Low levels of DHA in our body have been associated with mood swings, memory loss and visual and other neurological conditions. A small amount of DHA is synthesized in our body naturally. But people who limit meat and egg intake, such as vegetarians or those on low-fat diets, are liable to have low level of DHA.
DHA is naturally transferred to a foetus and it is required throughout the pregnancy. Because developing foetuses cannot make their own omega-3 fatty acids, their needs must be met by their mothers. The DHA content and the essential nutrient contents in the mother's diet reflect the amount of DHA and nutrients and that are passed on to the baby. If the mother is not properly nourished, the foetus will suffer.
A continual supply of DHA is needed for the full term of the pregnancy as the DHA content of the cerebrum and cerebellum increases threefold during the last trimester....
Role of red meat in the diet for children and adolescents: www.thefreelibrary.com...:...-a0169311698
Over the first few years of postnatal life, an infant's body undergoes dramatic changes not only in physical attributes, but also in developmental milestones. By three years of age, an infant's head circumference and hence brain size will have reached 80% of what it will potentially achieve in adulthood, and its length will also have doubled in size. Therefore, it is not surprising that any adverse events occurring during these periods may have a negative impact upon psychomotor development.
In 1968, Dobbing (1) suggested that there were vulnerable periods of neurological development that coincided with times of maximal brain growth. These periods begin during foetal development at around the 25th week of gestation and continue for the first two years of postnatal life. Nutrient deficiencies occurring during these vulnerable periods may well have an impact upon brain growth and, hence, neurological and psychomotor development. (1) These nutrient deficits have subsequently been shown to result in more functional deficiencies rather than physical abnormalities. Not only is optimal nutrition essential for achieving optimal physical and psychosocial development, but it also appears to have significant disease implications for later in adult life. Barker and his epidemiology group in the UK proposed that not only intrauterine malnutrition, but also poor weight gain in the first year of life, was associated with an increased incidence of cardiovascular disease (particularly in adults aged >50 years), hypertension and glucose intolerance during adulthood. (2) Their retrospective, epidemiological report has been supported by several studies on the Netherlands famine during World War II, which affected women during early, mid and late stages of gestation. (3,4) Subsequently, animal and prospective human studies have suggested that either under- or over-nutrition in utero can be associated with epigenetic epigenetic /epi·ge·net·ic/ (-je-net´ik)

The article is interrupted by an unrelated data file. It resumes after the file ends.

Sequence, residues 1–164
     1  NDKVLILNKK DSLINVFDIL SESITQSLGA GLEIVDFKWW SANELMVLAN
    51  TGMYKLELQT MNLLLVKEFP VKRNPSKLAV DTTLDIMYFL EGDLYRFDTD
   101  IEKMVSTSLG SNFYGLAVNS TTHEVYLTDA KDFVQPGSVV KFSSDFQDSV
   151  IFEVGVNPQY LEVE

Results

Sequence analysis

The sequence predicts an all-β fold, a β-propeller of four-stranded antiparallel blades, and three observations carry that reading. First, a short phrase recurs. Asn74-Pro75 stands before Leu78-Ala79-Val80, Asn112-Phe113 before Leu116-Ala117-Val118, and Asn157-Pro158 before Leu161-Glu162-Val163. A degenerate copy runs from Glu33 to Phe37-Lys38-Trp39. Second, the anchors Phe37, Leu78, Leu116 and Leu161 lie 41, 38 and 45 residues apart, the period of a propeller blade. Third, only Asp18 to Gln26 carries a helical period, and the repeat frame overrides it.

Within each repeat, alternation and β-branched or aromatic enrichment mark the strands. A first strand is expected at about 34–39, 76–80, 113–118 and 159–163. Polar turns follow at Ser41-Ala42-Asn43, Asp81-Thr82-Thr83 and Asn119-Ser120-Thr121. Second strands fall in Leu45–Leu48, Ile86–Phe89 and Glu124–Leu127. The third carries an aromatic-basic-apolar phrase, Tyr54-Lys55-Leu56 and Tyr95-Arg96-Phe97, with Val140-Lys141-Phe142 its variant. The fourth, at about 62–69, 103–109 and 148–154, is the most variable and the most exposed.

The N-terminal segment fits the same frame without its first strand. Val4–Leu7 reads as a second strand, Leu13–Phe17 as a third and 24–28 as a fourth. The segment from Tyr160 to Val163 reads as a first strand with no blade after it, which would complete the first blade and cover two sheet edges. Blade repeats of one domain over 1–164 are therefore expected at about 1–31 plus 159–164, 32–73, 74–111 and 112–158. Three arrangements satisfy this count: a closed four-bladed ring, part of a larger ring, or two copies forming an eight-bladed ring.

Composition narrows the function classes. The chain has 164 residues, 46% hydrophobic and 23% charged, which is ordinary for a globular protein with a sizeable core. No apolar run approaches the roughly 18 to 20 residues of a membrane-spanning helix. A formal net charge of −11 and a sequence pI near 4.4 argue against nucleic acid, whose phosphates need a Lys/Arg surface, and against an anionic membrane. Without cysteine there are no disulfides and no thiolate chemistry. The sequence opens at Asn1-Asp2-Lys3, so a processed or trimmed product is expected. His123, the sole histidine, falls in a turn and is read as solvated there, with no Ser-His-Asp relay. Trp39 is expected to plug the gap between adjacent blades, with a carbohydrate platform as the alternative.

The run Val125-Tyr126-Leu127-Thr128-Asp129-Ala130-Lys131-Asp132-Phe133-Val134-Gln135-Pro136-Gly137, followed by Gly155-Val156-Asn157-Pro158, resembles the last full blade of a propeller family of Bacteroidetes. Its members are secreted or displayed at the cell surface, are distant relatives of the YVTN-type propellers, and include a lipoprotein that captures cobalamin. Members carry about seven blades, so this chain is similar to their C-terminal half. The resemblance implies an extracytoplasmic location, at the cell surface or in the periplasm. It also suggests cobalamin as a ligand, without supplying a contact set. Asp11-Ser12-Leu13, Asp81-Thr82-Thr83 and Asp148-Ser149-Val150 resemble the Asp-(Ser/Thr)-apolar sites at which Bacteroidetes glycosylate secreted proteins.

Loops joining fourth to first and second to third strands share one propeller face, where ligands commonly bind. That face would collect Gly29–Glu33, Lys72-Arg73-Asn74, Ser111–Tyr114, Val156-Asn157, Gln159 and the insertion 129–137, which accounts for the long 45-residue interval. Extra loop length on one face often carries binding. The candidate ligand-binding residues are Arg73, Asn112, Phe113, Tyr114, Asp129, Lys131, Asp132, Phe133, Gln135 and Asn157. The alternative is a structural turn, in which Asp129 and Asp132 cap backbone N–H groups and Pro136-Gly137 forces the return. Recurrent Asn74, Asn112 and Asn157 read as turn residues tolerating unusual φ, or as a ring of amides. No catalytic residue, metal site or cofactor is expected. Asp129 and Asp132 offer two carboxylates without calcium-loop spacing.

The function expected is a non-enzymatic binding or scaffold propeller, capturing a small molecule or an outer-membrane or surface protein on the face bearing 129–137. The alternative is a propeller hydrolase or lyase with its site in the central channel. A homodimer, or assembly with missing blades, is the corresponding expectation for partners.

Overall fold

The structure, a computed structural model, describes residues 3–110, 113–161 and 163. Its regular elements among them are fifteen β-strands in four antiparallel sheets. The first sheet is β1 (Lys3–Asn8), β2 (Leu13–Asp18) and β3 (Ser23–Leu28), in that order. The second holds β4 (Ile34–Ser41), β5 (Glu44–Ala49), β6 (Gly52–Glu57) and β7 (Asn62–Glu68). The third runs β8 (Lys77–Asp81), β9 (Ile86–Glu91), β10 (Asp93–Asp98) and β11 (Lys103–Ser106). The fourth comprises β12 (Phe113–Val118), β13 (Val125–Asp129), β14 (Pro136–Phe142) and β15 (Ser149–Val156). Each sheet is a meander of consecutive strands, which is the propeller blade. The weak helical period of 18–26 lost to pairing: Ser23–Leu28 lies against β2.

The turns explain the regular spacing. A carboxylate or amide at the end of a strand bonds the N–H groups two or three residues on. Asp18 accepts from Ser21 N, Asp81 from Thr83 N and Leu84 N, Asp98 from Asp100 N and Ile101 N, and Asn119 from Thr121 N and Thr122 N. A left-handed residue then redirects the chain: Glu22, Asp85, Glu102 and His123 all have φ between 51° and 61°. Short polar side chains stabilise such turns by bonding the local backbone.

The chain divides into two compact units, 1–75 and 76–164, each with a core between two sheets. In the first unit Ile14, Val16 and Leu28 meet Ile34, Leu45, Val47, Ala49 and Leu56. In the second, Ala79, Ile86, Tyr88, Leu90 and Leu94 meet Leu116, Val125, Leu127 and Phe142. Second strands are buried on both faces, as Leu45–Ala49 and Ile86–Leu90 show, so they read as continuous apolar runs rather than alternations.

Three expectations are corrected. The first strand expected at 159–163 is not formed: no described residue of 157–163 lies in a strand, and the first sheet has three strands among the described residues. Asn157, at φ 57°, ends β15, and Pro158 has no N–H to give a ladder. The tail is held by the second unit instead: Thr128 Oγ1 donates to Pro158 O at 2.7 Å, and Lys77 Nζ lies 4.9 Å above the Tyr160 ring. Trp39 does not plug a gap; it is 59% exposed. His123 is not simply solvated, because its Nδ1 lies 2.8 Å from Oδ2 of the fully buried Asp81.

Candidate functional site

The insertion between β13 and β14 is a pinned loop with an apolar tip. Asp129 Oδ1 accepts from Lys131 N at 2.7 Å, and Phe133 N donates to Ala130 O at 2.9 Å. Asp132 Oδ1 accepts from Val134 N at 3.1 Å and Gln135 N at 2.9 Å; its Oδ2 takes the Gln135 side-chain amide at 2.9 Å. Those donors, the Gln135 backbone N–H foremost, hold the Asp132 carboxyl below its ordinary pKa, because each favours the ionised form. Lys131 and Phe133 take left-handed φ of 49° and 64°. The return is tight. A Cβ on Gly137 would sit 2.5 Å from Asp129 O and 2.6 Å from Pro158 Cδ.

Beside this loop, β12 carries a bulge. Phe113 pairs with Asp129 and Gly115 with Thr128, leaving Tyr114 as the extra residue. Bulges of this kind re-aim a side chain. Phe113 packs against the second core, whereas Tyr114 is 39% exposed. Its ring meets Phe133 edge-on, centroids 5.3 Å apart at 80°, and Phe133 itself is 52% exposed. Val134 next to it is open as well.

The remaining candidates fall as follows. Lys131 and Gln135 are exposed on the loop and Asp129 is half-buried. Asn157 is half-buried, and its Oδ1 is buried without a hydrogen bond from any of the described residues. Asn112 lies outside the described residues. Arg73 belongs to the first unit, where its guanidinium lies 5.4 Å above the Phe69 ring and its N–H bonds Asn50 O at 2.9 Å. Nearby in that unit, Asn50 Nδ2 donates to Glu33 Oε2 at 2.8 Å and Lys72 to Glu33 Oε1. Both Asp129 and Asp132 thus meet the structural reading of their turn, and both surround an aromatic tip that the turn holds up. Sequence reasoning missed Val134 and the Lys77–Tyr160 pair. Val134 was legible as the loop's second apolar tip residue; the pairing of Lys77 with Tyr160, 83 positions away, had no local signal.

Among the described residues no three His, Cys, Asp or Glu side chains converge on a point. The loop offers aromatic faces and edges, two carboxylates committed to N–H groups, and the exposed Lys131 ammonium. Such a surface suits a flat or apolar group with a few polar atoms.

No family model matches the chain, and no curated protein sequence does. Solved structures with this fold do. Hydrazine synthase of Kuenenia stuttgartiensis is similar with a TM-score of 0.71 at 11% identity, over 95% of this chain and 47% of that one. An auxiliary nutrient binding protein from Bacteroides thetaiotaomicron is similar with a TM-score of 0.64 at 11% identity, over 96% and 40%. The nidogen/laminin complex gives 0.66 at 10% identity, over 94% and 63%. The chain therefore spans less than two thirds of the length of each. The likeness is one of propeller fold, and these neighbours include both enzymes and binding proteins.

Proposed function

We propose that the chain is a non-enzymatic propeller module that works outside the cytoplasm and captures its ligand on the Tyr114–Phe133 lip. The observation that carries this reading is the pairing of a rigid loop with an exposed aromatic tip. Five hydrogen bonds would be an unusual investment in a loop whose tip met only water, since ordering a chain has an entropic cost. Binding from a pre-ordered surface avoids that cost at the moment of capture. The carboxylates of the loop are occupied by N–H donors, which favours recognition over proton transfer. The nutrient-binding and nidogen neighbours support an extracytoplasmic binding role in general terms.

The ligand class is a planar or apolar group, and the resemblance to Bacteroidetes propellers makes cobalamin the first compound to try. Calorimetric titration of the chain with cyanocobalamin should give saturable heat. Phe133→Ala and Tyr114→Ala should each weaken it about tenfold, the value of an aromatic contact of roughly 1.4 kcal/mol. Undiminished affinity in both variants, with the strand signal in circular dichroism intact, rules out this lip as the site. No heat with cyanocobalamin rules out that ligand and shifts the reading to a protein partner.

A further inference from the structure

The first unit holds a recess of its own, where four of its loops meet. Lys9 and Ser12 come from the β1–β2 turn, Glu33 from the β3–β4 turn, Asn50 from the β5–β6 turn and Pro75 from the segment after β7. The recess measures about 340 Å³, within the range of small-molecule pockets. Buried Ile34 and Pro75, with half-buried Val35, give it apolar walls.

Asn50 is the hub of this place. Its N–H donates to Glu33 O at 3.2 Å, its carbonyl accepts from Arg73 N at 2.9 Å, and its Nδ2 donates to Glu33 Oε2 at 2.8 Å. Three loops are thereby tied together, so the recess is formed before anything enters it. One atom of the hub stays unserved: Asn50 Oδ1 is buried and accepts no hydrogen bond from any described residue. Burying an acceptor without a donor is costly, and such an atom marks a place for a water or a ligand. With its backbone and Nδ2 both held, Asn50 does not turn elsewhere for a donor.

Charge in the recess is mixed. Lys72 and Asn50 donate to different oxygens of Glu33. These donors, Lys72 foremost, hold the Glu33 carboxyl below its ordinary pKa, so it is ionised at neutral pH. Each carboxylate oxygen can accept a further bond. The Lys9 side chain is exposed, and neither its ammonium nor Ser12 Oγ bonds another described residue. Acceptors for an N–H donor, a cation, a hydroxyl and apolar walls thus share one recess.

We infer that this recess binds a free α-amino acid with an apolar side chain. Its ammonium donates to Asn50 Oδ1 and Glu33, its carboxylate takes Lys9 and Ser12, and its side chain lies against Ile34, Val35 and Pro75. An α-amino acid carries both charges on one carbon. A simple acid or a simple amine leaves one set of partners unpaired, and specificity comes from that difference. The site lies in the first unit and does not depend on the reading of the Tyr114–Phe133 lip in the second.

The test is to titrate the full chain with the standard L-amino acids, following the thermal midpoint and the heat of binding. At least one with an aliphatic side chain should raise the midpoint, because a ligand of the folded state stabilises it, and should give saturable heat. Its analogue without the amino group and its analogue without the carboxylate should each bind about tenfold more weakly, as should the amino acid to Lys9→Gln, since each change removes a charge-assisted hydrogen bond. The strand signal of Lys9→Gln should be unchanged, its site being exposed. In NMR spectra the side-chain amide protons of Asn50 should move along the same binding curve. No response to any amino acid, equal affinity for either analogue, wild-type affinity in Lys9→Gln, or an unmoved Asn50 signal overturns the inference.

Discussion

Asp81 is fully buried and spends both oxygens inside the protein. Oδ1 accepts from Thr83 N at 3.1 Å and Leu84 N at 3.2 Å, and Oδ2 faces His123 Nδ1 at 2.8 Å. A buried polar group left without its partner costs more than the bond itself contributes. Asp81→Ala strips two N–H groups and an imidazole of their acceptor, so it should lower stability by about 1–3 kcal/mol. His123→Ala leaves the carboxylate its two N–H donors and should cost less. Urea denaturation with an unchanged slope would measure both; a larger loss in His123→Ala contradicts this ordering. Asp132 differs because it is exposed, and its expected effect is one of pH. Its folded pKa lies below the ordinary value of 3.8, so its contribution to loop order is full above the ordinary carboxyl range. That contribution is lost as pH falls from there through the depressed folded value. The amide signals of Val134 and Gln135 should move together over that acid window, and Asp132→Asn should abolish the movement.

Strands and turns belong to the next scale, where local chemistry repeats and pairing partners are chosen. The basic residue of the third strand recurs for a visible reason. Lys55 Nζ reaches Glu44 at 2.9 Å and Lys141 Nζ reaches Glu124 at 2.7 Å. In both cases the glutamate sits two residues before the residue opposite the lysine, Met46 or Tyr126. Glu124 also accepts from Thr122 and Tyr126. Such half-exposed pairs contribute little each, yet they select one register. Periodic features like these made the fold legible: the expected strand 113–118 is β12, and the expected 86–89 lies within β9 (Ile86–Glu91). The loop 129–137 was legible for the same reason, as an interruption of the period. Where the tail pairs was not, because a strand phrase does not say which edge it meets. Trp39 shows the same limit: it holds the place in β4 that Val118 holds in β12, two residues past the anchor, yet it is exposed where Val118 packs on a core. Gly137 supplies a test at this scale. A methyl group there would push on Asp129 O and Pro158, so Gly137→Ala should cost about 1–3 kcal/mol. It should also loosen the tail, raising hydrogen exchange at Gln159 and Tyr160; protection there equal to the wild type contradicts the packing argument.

1. pertaining to epigenesis.
2. altering the activity of genes without changing their structure.....
Study finds vegetarians have smaller brains: thehealthyskeptic.org...
Scientists at the Department of Physiology, Anatomy and Genetics, University of Oxford, have discovered that going veggie could be bad for your brain – with those on a meat-free diet six times more likely to suffer brain shrinkage.
The study involved tests and brain scans on community-dwelling volunteers aged 61 to 87 years without cognitive impairment at enrolment, over a period of five years. When the volunteers were retested five years later the medics found those with the lowest levels of vitamin B12 were also the most likely to have brain shrinkage. It confirms earlier research showing a link between brain atrophy and low levels of B12.
Vegans are the most likely to be deficient because the best sources of the vitamin are meat, particularly liver, milk and fish.
This study confirms other findings, covered in Trick and Treat, which shows that overall human brain sizes have reduced by an average 11% since we adopted an agricultural diet based on cereal grains rather than the meat-based diet of our Palaeolithic ancestors.
Vogiatzoglou A, et al. Vitamin B12 status and rate of brain volume loss in community-dwelling elderly. Neurology 2008; 71(11): 826-32.